James S. Ackerman
homepage:http://www.balzan.org/en/prizewinners/james-sloss-ackerman_0000000140.html
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Description

James Sloss Ackerman (born 1919) is a prominent American architectural historian, a major scholar of Michelangelo's architecture, of Palladio and of Italian Renaissance architectural theory.

He was born in San Francisco. At Yale, 1938-41, he came under the influence of Henri Focillon. His graduate work was at the Institute of Fine Arts, New York University (MA 1947, PhD 1952), where he studied with Richard Krautheimer and Erwin Panofsky. His studies were interrupted by his World War II service in the US Army in Italy, which, however, gave him an opportuniuty to increase his on-site understanding of Italian Renaissance architecture, his specialty -- He was assigned to retrieve the archives secured at the Certosa di Pavia. He was a Fellow at the American Academy in Rome (1949-52). He taught at Berkeley and from 1960 at Harvard as Arthur Kingsley Porter Professor of Fine Arts until his retirement in 1990. He was the editor of The Art Bulletin (1956-60) and Annali d'architettura; Ackerman is a member of the American Academy of Arts and Sciences, the American Philosophical Society, and a corresponding member of the British Academy, the Bavarian Academy of Sciences, the Accademia Olimpica, Vicenza, the Ateneo Veneto, the Accademia di San Luca in Rome and the Royal Academy of Uppsala. He gave the Slade Lectures at Cambridge in 1969-70. He has received six honorary doctorates and is a Grand Officer of the Order of Merit of the Italian Republic, an honorary citizen of Padua, and received the Golden Lion Award at the Venice Biennale of 2008. His rigorous method sets architecture in the broader contexts of cultural and intellectual history. He was awarded the Balzan Prize 2001 for achievement in architectural history and urbanism and the Paul Kristeller citation 2001 of the Renaissance Society of America for lifetime achievement.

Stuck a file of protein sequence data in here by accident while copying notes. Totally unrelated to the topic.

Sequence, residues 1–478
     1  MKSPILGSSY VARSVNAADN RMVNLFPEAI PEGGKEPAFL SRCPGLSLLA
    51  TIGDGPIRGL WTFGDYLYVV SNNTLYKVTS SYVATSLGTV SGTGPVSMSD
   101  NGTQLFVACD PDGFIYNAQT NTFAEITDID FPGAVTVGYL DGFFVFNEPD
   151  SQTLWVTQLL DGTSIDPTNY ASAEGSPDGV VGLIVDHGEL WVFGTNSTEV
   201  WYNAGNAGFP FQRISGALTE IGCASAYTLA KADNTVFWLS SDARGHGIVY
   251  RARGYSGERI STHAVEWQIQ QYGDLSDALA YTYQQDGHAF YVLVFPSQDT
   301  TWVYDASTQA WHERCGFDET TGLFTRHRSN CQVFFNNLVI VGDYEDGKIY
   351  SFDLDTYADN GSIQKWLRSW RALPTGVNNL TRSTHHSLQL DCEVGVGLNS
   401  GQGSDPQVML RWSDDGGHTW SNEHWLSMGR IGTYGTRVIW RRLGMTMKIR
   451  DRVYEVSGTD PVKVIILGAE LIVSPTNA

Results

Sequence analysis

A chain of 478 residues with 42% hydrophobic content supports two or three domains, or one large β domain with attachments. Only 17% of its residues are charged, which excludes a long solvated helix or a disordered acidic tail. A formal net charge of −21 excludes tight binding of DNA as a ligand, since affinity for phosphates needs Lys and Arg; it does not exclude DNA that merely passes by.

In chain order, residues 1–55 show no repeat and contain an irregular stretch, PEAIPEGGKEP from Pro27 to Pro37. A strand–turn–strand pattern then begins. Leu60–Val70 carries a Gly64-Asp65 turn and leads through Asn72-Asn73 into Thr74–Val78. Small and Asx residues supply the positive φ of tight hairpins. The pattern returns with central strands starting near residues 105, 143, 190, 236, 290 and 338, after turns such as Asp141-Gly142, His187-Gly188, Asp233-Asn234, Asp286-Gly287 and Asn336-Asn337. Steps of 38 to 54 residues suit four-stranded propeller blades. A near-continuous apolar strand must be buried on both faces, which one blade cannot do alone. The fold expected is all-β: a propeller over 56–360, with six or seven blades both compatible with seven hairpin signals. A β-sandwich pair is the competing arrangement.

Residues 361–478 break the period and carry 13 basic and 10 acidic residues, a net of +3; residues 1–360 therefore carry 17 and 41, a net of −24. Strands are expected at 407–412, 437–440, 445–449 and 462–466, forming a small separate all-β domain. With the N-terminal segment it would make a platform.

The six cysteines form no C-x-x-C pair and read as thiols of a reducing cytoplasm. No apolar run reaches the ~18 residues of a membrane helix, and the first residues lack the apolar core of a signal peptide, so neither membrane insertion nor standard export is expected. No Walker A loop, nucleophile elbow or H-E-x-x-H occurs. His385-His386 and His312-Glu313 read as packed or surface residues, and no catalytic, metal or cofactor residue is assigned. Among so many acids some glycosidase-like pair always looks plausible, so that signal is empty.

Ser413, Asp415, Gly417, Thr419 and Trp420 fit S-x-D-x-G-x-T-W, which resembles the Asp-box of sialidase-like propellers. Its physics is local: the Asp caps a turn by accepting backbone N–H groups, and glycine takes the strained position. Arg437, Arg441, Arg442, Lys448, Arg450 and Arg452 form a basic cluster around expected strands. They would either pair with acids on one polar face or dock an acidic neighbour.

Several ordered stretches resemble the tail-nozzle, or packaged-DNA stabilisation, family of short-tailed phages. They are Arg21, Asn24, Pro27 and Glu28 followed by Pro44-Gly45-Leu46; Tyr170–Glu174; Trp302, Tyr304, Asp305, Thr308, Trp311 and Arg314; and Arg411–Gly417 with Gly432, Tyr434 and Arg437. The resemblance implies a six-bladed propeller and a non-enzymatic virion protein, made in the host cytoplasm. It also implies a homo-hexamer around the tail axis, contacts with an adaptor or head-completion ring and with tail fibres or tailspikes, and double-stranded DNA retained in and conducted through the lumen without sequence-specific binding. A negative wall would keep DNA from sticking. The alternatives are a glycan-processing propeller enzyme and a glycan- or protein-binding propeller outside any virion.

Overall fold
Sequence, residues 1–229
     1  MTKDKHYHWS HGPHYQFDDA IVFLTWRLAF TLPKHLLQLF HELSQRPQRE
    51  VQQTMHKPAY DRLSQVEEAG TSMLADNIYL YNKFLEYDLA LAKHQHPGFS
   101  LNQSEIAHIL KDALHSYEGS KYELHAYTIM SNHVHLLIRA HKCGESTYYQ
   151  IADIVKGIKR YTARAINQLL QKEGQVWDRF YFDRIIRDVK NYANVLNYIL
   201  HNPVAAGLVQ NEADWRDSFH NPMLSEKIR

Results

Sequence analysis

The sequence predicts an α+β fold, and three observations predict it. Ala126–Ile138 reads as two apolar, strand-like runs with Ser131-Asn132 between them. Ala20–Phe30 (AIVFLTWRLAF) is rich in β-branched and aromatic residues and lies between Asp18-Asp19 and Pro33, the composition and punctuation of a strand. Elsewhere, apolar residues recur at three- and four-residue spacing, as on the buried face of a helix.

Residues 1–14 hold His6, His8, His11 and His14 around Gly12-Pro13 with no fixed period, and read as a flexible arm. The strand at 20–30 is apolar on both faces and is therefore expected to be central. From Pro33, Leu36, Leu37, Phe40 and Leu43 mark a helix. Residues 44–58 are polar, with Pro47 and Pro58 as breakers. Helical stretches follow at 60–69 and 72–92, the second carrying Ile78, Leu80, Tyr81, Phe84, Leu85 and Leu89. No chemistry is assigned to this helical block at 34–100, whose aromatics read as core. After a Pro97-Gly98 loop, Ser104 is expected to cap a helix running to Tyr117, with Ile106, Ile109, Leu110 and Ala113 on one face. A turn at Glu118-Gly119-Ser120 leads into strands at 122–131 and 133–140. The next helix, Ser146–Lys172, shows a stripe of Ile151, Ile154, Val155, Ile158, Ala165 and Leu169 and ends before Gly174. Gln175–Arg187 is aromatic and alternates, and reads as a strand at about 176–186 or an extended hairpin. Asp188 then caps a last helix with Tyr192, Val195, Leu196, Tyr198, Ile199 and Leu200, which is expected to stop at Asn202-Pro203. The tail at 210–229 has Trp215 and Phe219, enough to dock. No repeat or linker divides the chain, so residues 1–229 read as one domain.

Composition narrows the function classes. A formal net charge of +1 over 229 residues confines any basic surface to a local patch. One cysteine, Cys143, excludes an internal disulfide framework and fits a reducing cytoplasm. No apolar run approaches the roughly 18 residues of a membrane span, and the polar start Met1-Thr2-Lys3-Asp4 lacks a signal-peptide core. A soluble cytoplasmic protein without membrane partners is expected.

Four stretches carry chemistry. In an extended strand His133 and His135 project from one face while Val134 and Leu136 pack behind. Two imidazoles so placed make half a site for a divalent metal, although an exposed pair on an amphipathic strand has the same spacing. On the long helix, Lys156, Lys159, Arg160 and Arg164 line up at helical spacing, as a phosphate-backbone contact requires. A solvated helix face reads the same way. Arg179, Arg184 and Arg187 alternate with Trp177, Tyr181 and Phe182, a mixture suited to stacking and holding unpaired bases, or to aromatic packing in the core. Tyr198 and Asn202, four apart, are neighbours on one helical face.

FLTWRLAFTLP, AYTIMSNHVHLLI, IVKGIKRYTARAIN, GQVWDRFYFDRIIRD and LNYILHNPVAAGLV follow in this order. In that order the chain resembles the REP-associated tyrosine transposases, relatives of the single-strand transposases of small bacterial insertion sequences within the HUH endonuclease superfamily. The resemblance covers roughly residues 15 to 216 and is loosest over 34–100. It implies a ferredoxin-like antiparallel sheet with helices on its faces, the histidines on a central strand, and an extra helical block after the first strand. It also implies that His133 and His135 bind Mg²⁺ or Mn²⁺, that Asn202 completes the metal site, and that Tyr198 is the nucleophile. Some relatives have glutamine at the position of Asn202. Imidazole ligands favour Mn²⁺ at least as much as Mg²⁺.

Lecture:

debate
flag The University as Patron of Cutting Edge Architecture (Part One)
as author at  MIT World Series: The Max Wasserman Forum on Contemporary Art,
together with: Charles M. Vest (moderator), Jane Farver, Kimberly Alexander,
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